Monday, May 19, 2014

SC Book Festival


Books of every sort showed up for the Festival Saturday and Sunday. I love old books, and antiquarian booths were packed with them. Major chains offered the bestsellers. Independent publishers and authors hawked their books.

Tables groaned under the weight of books representing a range of creativity. Creativity is a defining factor in whether writing is an art or a craft, but we’ll get to that some other time. I will only say some books are created by craftsmen and others by artists—as is true of paintings or music. Anyway, this is not about the difference between craft and art.

I’m not going to say the books ranged from good to bad. Too many people say there are no bad books, just bad readers. When we see novels we consider of dubious merit on best seller lists, we writers console ourselves by assuming that other readers are not as good as we are, i.e., they don’t have our discriminating taste. Of course, we’re discriminating or we wouldn’t be writing. But taste is the operative word. I’m trying to figure out what that is.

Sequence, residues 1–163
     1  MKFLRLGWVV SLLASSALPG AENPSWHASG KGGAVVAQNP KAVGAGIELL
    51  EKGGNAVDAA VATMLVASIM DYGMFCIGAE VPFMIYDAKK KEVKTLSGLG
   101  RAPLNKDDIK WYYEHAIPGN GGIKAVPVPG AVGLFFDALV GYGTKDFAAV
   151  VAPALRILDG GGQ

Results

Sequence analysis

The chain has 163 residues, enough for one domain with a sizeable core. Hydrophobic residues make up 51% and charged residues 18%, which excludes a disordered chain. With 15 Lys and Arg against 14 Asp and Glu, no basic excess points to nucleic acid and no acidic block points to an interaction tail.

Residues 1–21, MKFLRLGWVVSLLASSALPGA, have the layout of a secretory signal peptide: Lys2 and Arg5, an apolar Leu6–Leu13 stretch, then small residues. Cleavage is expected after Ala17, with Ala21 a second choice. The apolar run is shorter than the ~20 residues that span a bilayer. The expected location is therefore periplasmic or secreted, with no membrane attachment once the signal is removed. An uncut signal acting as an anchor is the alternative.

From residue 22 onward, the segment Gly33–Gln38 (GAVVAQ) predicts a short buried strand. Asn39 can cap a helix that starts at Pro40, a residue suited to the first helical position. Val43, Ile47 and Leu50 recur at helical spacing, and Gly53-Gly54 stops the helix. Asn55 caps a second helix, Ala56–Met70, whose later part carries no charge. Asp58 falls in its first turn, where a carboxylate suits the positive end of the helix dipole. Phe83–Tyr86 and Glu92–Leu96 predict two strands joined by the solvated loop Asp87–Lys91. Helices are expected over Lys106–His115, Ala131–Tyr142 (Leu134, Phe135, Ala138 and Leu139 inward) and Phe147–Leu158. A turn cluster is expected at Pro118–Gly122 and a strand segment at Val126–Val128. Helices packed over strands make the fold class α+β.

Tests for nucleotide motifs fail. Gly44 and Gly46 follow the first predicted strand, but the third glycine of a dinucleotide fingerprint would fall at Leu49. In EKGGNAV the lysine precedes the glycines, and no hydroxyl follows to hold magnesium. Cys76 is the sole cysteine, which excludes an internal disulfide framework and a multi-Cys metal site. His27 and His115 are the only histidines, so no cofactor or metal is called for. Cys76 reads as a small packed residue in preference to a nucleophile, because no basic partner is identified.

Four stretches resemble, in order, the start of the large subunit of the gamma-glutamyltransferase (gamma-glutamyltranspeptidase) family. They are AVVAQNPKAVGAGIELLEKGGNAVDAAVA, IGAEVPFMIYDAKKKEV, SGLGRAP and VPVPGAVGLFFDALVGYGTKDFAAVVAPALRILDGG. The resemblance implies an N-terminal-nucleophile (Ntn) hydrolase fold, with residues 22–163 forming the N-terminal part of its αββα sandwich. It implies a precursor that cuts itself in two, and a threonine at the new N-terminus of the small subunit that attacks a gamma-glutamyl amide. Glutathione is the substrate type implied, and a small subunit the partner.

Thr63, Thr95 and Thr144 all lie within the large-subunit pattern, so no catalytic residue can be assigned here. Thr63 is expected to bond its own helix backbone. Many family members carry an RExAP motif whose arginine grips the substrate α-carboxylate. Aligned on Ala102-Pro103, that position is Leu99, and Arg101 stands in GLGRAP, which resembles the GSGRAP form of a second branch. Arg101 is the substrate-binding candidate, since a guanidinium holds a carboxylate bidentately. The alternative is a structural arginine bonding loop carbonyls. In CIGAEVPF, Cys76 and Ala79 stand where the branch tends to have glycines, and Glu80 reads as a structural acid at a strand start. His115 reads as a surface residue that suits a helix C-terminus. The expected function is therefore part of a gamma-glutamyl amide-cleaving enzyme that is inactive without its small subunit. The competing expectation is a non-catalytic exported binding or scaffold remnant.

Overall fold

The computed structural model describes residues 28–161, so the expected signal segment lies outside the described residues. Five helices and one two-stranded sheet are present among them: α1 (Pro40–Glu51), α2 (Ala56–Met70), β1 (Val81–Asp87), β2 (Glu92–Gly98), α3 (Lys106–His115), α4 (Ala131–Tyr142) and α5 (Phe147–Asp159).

At the Festival, I spent most of my time at the South Carolina Writers Workshop booth talking to prospective writers or closet writers. And visiting with other members of the organization. You’d expect writers to look creative, I mean wear unusual clothes or style their hair different, grow a beard. Most of us look like everybody else. Somebody, can’t remember who, said that writers live ordinary lives so their writing can be extraordinary.


I only saw a fraction of the presentations, but a highlight for me was one by Ron Rash and Lee Smith, two people you can’t help but like. I bought a copy of Ron’s novel, Serena, for it’s being made into a movie. Both Ron and Lee are professional no-bullshit writers who speak to their audience without a hint of condescension. Their anecdotes had the audience laughing, and the room was packed, people standing.

The Book Festival is a place were writers rub shoulders with each other and with readers. There isn’t another event like it in the state. It’s sponsored by The Humanities Council with donations from local businesses and individuals. I hope the Council gets the thanks and appreciation it deserves.

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